Coffee Party? Tea Party? Join the Brewvement!
Tea Partiers, make room. The Coffee Party is about to steal some of your media thunder. Around for only a few weeks, it officially launches March 13th, having already attracted 109,000 Facebook fans, slightly more than the Tea Party, around about a year. The Coffee Party expects about 300 gatherings in 44 states to participate on Saturday.
On the surface, the two “parties” seem radically different. Tea Partiers are known for their shout-downs, but Coffee Partiers feature a “civility pledge” on their homepage. Coffee Partiers, don’t call for a drastically shrunken government, ala the Tea Party, but for “cooperation in government.” And, Coffee folks emphasize whom they will support—“those leaders working toward positive solutions”—rather than the Tea Party’s practice of lampooning those they won’t, like our president.
But let’s not get so carried away with the new brew that we fail to read the tea leaves.
The Tea Party has so far stolen the show precisely because it’s loud, occasionally outrageous, and can sometimes sound downright scary. But the Tea Party has something to tell us. So as funny as Sarah Palin’s palm-reading antics and Bill Maher’s jabs at Tea Partiers maybe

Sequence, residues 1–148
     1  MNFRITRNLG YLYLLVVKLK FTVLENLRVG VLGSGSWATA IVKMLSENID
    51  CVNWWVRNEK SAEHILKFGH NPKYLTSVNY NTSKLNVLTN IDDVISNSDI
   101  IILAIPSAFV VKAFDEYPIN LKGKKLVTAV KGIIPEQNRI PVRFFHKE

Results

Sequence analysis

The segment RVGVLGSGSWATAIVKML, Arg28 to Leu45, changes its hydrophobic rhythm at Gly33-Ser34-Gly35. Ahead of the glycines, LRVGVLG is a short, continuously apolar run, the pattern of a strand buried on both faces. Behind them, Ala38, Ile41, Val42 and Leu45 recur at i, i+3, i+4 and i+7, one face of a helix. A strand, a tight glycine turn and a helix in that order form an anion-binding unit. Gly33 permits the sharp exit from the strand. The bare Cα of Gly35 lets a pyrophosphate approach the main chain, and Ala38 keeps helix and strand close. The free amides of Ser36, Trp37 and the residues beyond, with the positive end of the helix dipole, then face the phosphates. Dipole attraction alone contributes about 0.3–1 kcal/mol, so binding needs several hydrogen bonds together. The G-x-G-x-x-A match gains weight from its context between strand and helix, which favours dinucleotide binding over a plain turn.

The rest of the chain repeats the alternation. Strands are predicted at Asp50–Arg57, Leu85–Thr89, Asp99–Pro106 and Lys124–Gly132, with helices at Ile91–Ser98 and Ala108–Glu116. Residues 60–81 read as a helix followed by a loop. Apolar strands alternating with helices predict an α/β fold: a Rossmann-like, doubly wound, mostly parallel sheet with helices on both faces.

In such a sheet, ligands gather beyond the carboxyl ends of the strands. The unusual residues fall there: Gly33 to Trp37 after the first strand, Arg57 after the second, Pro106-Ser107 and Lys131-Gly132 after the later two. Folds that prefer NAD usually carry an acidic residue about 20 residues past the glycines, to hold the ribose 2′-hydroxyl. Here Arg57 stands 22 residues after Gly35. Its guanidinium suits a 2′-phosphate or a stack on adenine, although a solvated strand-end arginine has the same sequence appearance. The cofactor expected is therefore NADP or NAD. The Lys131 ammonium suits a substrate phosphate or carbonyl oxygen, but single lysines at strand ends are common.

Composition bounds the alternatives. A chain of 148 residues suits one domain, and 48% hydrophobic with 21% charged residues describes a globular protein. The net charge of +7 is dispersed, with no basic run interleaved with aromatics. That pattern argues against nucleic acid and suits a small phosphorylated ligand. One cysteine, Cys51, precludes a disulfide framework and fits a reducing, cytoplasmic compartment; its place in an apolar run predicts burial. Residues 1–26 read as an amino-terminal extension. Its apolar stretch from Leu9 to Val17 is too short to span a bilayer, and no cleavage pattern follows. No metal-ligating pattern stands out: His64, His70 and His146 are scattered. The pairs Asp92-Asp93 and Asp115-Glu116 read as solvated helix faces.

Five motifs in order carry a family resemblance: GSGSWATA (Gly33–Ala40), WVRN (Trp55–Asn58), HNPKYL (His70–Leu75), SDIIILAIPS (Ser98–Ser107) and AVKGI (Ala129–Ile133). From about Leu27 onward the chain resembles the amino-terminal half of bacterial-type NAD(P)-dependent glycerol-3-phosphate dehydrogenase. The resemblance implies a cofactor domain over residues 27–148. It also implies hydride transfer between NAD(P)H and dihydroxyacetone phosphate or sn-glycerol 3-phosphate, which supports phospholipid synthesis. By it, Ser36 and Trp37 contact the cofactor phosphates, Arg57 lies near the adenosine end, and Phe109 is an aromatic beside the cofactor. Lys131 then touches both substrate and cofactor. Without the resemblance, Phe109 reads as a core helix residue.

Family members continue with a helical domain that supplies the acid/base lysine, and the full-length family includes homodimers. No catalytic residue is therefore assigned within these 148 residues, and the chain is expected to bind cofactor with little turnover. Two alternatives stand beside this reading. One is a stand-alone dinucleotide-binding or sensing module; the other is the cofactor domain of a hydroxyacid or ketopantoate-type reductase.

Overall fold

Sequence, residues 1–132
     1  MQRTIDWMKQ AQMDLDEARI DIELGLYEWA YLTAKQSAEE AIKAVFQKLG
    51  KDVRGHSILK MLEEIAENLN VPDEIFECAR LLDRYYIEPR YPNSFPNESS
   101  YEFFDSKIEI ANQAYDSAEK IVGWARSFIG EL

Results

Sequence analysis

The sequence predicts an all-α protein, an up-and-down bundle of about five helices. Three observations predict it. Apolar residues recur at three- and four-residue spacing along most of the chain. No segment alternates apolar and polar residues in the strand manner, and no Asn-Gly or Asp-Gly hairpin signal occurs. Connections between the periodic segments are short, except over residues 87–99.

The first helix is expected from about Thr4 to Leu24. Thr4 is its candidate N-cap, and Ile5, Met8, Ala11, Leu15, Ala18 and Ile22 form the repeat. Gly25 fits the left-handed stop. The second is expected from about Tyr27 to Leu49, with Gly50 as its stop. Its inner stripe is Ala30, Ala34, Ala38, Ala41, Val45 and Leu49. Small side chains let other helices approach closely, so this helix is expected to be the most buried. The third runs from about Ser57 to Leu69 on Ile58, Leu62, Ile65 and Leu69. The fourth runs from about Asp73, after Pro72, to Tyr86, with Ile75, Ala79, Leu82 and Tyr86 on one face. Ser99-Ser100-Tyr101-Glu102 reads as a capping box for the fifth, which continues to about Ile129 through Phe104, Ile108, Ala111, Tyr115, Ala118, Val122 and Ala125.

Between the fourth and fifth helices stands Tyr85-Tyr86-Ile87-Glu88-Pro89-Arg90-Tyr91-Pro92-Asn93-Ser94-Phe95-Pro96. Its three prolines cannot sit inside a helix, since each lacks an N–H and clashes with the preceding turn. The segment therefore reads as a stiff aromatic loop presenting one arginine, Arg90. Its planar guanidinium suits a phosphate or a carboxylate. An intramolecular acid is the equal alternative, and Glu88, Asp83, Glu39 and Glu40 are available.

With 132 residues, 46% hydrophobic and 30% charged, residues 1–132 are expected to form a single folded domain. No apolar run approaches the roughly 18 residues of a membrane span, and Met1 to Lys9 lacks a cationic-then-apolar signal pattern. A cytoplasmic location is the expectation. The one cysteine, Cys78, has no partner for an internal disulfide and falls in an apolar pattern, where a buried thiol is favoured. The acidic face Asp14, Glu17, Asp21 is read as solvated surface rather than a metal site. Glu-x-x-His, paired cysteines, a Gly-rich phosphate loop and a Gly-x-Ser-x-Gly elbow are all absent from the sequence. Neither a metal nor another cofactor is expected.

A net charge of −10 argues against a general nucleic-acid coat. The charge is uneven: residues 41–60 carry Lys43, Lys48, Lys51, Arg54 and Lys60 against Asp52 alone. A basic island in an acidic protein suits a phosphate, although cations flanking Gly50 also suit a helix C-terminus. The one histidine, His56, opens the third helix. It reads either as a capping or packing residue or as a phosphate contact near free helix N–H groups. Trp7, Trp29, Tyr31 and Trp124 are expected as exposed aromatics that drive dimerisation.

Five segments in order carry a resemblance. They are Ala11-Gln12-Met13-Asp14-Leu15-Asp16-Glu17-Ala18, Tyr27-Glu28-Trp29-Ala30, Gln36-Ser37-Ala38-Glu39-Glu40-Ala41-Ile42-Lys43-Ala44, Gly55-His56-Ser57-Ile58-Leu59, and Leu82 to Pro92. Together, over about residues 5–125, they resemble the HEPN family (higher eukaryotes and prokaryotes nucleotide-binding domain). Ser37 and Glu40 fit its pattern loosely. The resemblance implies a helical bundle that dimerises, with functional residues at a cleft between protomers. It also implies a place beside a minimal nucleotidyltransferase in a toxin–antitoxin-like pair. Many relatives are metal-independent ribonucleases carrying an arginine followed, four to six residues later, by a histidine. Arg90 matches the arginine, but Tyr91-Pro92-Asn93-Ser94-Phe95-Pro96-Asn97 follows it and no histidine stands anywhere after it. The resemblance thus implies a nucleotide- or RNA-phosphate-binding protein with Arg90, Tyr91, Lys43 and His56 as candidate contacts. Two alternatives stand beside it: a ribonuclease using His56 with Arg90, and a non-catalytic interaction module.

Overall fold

...we should listen before we laugh.
First of all, a lot of Tea Partiers got to their party because they’re angry. And while civility is essential to democracy itself, anger is also appropriate. We should be angry that our democracy is being stolen. We can be pissed without being nasty.
Secondly, a lot of Tea Partiers understand a big part of what’s gone wrong in America - and if they don’t understand it, they sense it. The trouble is, they, like most of us, can’t get our heads around it. When kids throw fits it’s often because they can’t explain what’s really bothering them. Maybe it’s the same for grown-ups.
The problem is, in this society we have no common language, no frame, to explain why the pain has increased so fast that: Almost half of American families have experienced a lost job, fewer hours, or a pay cut in the last year. Almost one fifth of men in their prime-earning years are unemployed. And half of our children depend on food stamps at some point in their upbringing.